“ Actors: Katie Featherston, Kathryn Newton, Matt Shively / Directors: Henry Joost, Ariel Schulman / Studio: Paramount Home Entertainment „
It is often said that the key to good comedy is timing. I firmly believe that this is also the case for a good horror. A well timed jump scare or good pacing can be so effective. The problem with Paranormal Activity 4 is that it doesn't have either or any scares or tension at all for that matter.
I am a fan of the first three films (although have been aware of the diminishing returns that the series has had), I am however not a fan of the current trend in Ghost story films of endless gore or each scare being advertised by a screaming musical queue. The lack of gore and screeching music meant that I really enjoyed the structure of the first few films. The tension is well built with silence and natural or un-natural noises.
The previous films also made good to excellent use of the limitations that was placed on the filming by it being "found footage". Being inventive with where the camera could be placed and how the shot was framed. This resulted in further tension as I would scan the screen looking into the dark corners trying to find where the next jump would come from or which object was going to move.
I went into this with low expectations but hoping for at least a few jumps and hopefully a little bit of fun. I was hugely disappointed. All the clever and unsettling use of silence and framing has been forgotten and replaced by close ups of faces and a directionless series of scenes that unfold at a snail's pace.
One of the biggest problems that these films have had to overcome is making the excessive use of a camera in everyday situation's feel normal. This is has been an issue with the while series fitting better into some set ups than others. In this film however the first 3rd of the film simply ignores it and expects the audience to accept that a teenage girl happily records all aspects of her life for no real purpose. This improves a little bit later in the film with the use of laptop webcams. Anything outside of this I had real difficulty with.
Some of this could be forgiven if the film provided some tension or scares, but it fails miserably. Throughout the film I was noticing items and shots that I believed would come back into play later in the film. Examples are, the daughter of the family has a bead curtain in her bedroom, a bit obvious maybe but never even utilised for a fake scare (despite the family having a cat). There is also a large mirror opposite her bedroom door, again could have been used for a simple scare or fake. There is a humidifier in the son's room; again I was sure I would see a face in the mist cloud at some point, but no. Why are these not used? It would seem that the film makers found out about the Xbox connect dots trick and decided to build the majority of the scares around that. I will admit, this does provide two very interesting scenes late in the film.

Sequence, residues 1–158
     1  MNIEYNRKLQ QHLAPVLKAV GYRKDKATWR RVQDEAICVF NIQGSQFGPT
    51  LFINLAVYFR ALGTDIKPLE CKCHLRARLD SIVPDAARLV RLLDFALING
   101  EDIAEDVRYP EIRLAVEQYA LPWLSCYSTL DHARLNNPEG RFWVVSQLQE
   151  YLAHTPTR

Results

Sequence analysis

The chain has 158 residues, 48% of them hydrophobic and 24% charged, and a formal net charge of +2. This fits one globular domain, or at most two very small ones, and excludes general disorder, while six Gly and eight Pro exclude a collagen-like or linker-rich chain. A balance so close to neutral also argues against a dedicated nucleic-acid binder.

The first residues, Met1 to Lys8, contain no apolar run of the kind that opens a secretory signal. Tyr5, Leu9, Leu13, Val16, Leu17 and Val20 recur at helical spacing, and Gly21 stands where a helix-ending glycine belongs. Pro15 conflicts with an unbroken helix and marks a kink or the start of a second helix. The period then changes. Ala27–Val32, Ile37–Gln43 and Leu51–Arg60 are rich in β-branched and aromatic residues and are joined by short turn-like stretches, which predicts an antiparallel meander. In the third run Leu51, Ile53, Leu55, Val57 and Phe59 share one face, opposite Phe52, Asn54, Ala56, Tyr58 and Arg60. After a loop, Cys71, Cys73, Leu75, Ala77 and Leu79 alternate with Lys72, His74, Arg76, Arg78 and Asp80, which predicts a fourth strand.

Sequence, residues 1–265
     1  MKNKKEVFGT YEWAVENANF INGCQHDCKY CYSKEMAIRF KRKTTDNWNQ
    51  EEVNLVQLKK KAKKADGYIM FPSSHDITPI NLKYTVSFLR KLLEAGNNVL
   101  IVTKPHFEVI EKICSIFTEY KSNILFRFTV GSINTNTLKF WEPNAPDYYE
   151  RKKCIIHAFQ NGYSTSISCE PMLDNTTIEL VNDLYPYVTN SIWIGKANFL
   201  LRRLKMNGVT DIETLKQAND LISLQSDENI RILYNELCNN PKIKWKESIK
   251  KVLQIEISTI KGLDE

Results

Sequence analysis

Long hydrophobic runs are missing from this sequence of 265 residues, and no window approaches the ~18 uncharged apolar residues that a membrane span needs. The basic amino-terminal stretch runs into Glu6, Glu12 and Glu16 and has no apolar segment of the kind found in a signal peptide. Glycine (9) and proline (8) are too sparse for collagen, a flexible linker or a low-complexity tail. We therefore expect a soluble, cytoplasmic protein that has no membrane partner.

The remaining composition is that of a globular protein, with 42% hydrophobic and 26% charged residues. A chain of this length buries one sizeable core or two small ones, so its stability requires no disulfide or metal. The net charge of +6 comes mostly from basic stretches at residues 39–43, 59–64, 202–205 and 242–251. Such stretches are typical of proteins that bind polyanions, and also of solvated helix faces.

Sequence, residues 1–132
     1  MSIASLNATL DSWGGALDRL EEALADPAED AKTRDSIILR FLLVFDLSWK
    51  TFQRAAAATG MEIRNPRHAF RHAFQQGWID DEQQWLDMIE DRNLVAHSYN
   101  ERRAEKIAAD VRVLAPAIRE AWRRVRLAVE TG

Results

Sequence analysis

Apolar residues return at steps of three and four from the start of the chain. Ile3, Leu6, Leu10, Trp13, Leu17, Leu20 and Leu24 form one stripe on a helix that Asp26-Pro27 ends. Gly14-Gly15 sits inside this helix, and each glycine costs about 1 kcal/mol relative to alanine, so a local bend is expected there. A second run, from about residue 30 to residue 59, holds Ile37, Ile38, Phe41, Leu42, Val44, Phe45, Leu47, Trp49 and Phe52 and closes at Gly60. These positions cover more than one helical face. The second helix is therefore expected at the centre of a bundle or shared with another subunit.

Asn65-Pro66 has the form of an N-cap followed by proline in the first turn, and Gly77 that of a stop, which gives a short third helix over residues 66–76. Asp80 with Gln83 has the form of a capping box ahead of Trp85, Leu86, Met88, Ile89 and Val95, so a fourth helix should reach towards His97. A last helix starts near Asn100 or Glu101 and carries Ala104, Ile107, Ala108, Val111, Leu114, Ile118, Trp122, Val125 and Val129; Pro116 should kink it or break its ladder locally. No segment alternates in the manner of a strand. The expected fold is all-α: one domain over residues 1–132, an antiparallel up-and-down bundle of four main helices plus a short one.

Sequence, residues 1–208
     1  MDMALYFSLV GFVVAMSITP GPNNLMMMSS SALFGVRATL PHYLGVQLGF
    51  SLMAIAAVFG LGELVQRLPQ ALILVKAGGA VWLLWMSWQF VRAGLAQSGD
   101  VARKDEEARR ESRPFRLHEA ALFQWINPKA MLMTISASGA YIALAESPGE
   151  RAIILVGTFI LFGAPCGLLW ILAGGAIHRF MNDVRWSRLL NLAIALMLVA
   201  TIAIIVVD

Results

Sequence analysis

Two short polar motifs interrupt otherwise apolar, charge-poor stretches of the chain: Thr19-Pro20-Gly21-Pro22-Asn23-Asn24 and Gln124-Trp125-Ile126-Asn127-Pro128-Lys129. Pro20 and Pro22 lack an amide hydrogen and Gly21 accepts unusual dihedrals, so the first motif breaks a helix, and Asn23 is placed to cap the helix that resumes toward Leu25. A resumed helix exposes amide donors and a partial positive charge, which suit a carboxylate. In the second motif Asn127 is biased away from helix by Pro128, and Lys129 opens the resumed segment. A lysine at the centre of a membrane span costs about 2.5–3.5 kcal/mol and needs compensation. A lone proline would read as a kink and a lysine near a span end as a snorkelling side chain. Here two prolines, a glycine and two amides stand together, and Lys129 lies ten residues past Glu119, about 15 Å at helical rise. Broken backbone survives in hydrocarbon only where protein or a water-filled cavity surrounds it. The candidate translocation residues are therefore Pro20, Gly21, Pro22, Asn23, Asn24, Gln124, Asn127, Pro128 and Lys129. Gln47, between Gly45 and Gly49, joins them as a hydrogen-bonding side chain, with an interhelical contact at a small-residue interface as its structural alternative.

Overall, this is a film that fails on almost every level. It has forgotten the lessons that were learnt from the previous films. It does not utilise any of the tools or techniques that they have to hand and has ignored the fact that it is supposed to build a tension or a sense of fear for the characters. I can forgive that this only very loosely ties into the previous films but I cannot forgive a film that when it has ended has provided me with nothing. This is proven further by the fact that the images used for both the DVD and Blu ray cases do not even appear in the film in any way. They had to make up exciting images to advertise this bland boring mess.
Go and watch the previous three films but give this one a miss. There is another one due in 2014 but after this effort I think that this well is tapped.
Silly old me
Some things in life are certain. Day follows night, the Earth revolves around the sun, and every year around halloween, the scary film series' produce another sequel. As it turns out, the only scary thing about them is how they still manage to rape us of our hard earned cash, and continue to be a success in the box office. I was hoping Paranormal activity 4 would be different. Having seen only the original film before, and quite liking it, I felt that this film may quench my thirst for fear. How wrong I was.
Kathryn Newton as Alex Nelson
Matt Shively as Ben
Brady Allen as Robbie
Aiden Lovekamp as Wyatt Nelson/ Hunter Rey
Alexondra Lee as Holly Nelson
Stephen Dunham as Doug Nelson
Katie Featherston as Katie
The plot (?).
In 2006 We are witness to an obviously possessed girl called Kate, kills her sister and her husband. She takes her sisters baby away, and they are not seen or heard of again.
In 2011, Alex and her family of run-of-the-mill, all American rejects are living out their boring mundane lives. That is until a new family move in next door. Although a bit weird, the new families son Robbie is liked by the family, and when his mom gets taken away ill, they take Robbie in, and that's when everything changes. Creepy things happen, and they get progressively more violent until they reach a catastrophic crescendo, the likes of which this sleepy street will not forget.
My two cents.